Nannoplankton malformation during the Paleocene-Eocene Thermal Maximum and its paleoecological and paleoceanographic significance

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doi: 10.1002/2016PA002980
Author(s): Bralower, Timothy J.; Self-Trail, Jean M.
Author Affiliation(s): Primary:
Pennsylvania State University, Department of Geosciences, University Park, PA, United States
Other:
U. S. Geological Survey, United States
Volume Title: Paleoceanography
Source: Paleoceanography, 31(10), p.1423-1439. Publisher: American Geophysical Union, Washington, DC, United States. ISSN: 0883-8305 CODEN: POCGEP
Note: In English. NSF Grant OCE-1416663. 105 refs.; illus., incl. sketch map
Summary: The Paleocene-Eocene Thermal Maximum (PETM) is characterized by a transient group of nannoplankton, belonging to the genus Discoaster. Our investigation of expanded shelf sections provides unprecedented detail of the morphology and phylogeny of the transient Discoaster during the PETM and their relationship with environmental change. We observe a much larger range of morphological variation than previously documented suggesting that the taxa belonged to a plexus of highly gradational morphotypes rather than individual species. We propose that the plexus represents malformed ecophenotypes of a single species that migrated to a deep photic zone refuge during the height of PETM warming and eutrophication. Anomalously, high rates of organic matter remineralization characterized these depths during the event and led to lower saturation levels, which caused malformation. The proposed mechanism explains the co-occurrence of malformed Discoaster with pristine species that grew in the upper photic zone; moreover, it illuminates why malformation is a rare phenomenon in the paleontological record. Abstract Copyright (2016), . American Geophysical Union. All Rights Reserved.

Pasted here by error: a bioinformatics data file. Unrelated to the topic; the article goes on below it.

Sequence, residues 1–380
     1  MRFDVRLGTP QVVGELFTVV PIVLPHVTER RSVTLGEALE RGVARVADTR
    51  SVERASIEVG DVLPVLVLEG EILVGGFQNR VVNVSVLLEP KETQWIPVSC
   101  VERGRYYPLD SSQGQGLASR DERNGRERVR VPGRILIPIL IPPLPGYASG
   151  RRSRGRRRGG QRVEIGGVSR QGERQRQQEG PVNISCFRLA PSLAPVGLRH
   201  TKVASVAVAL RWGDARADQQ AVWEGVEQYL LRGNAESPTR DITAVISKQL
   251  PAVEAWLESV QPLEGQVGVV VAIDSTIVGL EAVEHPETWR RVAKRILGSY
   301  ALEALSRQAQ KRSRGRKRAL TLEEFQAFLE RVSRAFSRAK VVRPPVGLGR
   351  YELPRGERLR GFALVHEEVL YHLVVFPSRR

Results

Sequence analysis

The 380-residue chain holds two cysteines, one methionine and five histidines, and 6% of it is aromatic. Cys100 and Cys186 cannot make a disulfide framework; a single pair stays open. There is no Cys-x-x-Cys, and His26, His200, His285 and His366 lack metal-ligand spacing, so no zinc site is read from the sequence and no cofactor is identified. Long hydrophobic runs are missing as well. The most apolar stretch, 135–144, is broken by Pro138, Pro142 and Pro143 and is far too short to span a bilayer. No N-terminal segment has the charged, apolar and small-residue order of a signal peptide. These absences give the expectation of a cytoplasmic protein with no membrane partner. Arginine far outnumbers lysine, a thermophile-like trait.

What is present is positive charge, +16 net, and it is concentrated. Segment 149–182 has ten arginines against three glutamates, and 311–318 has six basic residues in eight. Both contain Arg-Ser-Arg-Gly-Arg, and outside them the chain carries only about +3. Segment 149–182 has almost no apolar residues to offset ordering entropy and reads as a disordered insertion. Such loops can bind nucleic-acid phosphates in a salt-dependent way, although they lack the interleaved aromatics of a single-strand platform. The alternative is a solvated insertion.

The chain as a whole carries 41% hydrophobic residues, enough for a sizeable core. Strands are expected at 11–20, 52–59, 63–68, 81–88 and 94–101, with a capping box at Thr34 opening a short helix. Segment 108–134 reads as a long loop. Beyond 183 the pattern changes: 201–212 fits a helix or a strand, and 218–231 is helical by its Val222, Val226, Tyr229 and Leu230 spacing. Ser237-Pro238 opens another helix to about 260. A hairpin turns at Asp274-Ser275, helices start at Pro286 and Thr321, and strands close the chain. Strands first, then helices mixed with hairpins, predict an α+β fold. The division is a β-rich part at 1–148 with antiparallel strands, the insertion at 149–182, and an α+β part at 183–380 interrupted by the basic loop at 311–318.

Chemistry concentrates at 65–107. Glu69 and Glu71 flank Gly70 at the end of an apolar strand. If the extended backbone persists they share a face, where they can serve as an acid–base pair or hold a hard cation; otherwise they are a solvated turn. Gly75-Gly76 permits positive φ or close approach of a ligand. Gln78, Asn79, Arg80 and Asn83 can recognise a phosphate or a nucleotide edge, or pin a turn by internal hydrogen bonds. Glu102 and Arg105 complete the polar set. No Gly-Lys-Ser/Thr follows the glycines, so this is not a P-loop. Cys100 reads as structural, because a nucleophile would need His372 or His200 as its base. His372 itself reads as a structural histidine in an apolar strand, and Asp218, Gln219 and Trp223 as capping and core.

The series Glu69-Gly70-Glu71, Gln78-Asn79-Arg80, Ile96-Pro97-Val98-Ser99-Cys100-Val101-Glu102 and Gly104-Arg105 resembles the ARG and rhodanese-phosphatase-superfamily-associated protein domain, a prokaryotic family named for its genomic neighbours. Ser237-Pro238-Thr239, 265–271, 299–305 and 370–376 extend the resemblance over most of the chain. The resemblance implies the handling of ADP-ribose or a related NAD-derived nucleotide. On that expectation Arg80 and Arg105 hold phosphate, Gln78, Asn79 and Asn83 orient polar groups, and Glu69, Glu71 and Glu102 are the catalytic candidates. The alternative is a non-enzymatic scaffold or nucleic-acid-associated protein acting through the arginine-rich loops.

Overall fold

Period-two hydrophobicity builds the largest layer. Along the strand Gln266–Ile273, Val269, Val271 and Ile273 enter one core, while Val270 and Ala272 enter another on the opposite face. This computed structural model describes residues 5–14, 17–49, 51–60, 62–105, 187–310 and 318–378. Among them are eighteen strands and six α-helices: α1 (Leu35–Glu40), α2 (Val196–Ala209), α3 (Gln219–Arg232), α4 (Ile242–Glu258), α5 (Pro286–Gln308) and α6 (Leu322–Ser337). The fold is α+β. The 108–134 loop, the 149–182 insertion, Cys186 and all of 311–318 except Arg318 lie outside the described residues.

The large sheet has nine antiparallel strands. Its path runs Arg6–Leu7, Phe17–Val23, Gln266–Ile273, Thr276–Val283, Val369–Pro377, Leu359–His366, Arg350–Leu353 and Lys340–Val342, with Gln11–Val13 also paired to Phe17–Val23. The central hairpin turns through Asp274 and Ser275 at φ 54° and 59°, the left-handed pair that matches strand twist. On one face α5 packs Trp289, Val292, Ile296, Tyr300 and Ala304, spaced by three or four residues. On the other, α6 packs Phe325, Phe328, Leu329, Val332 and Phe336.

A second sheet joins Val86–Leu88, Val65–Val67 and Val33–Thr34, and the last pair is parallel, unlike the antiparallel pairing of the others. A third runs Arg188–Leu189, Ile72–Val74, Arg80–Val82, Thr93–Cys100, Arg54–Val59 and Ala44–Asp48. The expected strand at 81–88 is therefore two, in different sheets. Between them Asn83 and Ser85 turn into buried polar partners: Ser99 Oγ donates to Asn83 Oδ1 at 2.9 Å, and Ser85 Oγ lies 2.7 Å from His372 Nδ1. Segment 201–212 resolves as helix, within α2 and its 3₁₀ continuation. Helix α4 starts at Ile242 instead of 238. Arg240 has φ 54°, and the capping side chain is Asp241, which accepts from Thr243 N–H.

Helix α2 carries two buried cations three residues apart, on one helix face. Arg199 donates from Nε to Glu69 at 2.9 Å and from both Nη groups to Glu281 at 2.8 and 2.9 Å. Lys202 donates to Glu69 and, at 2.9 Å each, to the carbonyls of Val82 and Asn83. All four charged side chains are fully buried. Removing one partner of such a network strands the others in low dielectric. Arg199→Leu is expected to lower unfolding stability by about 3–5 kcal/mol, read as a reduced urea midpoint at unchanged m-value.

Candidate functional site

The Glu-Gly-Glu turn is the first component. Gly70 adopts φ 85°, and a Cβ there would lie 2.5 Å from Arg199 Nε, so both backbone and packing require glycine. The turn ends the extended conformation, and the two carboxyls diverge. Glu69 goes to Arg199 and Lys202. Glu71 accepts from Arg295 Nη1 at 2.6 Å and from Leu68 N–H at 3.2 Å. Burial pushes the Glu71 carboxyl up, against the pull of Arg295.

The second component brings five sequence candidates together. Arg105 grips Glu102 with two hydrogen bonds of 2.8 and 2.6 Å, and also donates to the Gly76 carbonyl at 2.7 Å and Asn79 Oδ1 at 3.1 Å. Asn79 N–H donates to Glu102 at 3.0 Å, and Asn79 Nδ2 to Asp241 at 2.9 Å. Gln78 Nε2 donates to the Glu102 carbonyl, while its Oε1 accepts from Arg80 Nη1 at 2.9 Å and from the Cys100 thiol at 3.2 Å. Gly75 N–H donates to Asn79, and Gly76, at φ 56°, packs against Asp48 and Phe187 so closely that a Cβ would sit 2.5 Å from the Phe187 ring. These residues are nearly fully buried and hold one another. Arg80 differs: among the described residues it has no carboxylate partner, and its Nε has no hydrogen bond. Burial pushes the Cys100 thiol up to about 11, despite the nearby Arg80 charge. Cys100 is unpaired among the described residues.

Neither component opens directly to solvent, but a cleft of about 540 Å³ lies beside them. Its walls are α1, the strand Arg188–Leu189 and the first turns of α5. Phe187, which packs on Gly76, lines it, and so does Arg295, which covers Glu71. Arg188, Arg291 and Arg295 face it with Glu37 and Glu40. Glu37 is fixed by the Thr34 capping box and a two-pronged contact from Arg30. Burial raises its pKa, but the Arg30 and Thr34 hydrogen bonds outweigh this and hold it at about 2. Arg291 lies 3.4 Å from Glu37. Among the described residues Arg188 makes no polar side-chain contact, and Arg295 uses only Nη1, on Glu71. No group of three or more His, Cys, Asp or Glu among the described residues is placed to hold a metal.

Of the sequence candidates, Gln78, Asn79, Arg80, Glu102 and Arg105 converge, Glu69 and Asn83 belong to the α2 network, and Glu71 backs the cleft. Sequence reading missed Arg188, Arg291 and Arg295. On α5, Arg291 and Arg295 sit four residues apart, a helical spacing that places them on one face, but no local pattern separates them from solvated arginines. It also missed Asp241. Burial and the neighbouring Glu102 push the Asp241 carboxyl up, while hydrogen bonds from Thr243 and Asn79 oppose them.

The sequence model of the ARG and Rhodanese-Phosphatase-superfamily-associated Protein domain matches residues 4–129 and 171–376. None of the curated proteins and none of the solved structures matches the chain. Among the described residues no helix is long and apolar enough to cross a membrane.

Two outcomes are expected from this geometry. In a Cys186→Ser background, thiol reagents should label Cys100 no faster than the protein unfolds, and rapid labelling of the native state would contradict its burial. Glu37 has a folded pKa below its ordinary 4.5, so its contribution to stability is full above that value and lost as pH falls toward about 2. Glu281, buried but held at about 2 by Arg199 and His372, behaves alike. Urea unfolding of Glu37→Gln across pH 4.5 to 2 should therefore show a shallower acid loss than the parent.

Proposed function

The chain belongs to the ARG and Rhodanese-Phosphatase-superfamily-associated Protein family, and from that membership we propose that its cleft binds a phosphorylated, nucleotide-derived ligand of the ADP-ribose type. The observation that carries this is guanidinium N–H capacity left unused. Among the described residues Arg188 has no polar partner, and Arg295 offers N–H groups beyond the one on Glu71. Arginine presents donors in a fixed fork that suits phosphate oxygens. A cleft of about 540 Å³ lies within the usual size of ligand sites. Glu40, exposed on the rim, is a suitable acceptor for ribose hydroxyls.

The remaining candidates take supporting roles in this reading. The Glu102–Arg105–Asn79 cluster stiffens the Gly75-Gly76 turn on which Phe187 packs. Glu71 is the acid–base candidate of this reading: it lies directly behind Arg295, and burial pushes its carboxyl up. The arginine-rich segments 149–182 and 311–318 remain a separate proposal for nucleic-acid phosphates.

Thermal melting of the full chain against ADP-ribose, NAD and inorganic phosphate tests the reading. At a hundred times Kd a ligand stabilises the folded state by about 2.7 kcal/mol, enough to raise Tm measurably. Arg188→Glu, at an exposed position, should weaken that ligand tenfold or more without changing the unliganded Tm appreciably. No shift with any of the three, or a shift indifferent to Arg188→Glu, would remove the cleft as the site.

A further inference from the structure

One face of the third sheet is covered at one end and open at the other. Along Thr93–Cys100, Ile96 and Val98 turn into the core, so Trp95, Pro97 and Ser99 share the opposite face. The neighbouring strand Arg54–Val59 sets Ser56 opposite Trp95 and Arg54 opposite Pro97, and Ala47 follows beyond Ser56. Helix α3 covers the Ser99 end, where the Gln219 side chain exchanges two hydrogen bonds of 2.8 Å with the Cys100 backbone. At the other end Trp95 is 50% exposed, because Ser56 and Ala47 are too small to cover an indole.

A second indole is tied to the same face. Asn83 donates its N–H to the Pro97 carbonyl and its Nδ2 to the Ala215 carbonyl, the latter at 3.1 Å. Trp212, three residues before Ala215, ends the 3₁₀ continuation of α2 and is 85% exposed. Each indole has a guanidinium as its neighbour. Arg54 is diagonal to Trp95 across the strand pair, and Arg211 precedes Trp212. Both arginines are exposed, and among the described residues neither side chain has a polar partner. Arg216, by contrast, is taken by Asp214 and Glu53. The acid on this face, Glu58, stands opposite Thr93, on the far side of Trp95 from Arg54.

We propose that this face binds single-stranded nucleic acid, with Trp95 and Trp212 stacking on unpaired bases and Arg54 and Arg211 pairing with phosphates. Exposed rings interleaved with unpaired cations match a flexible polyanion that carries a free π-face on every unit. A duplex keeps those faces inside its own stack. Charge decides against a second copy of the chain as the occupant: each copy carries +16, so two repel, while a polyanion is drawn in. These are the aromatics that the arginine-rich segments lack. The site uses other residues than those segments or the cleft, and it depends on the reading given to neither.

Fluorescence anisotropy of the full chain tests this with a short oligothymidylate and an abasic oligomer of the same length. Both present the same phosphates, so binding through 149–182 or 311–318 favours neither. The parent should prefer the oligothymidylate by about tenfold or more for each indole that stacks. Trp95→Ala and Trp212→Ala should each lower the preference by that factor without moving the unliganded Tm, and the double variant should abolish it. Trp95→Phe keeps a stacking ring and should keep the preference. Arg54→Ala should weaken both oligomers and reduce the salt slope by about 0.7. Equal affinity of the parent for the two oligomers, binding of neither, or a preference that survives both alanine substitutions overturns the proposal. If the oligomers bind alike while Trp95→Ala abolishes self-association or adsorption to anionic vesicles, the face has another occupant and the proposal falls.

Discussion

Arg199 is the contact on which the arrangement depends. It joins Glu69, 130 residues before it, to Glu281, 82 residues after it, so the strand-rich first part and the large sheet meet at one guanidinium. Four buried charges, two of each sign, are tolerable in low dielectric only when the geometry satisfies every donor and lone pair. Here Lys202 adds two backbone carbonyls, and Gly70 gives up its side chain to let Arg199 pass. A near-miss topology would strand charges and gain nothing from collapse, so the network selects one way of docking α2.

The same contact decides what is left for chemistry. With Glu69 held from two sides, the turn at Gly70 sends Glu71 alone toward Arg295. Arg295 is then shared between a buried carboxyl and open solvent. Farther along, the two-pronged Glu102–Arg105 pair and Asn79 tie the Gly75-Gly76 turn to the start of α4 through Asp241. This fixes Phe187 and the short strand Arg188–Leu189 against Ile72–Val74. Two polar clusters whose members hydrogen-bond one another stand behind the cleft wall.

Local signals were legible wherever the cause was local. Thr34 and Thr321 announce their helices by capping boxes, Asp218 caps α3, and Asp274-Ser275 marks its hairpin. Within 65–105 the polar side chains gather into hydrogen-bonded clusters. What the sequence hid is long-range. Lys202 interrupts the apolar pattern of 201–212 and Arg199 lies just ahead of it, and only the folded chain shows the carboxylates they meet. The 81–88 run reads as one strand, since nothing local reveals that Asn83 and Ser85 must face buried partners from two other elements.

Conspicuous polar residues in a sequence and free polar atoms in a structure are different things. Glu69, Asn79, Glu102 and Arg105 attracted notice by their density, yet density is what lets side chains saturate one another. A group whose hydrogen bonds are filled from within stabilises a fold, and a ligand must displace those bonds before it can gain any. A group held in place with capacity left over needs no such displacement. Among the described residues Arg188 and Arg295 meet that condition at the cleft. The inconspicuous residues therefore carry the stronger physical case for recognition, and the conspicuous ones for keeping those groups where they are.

Year of Publication: 2016
Research Program: ODP Ocean Drilling Program
Key Words: 12 Stratigraphy, Historical Geology and Paleoecology; Algae; Aquia Formation; Atlantic Coastal Plain; Bass River; Bass River Site; Burlington County New Jersey; Cenozoic; Discoaster; Discoasteridae; Eocene; Gloucester County New Jersey; Leg 174AX; Lower Eocene; Marine environment; Marlboro Clay; Maryland; Microfossils; Morphology; Nannofossils; New Jersey; Ocean Drilling Program; Paleo-oceanography; Paleocene-Eocene Thermal Maximum; Paleoecology; Paleoenvironment; Paleogene; Phylogeny; Plantae; Shelf environment; South Dover Bridge; Talbot County Maryland; Tertiary; United States; Vincentown Formation; Wilson Lake; Wilson Lake Site
Coordinates: N384400 N394000 W0742600 W0760100
Record ID: 2017011804
Copyright Information: GeoRef, Copyright 2019 American Geosciences Institute. Reference includes data from John Wiley & Sons, Chichester, United Kingdom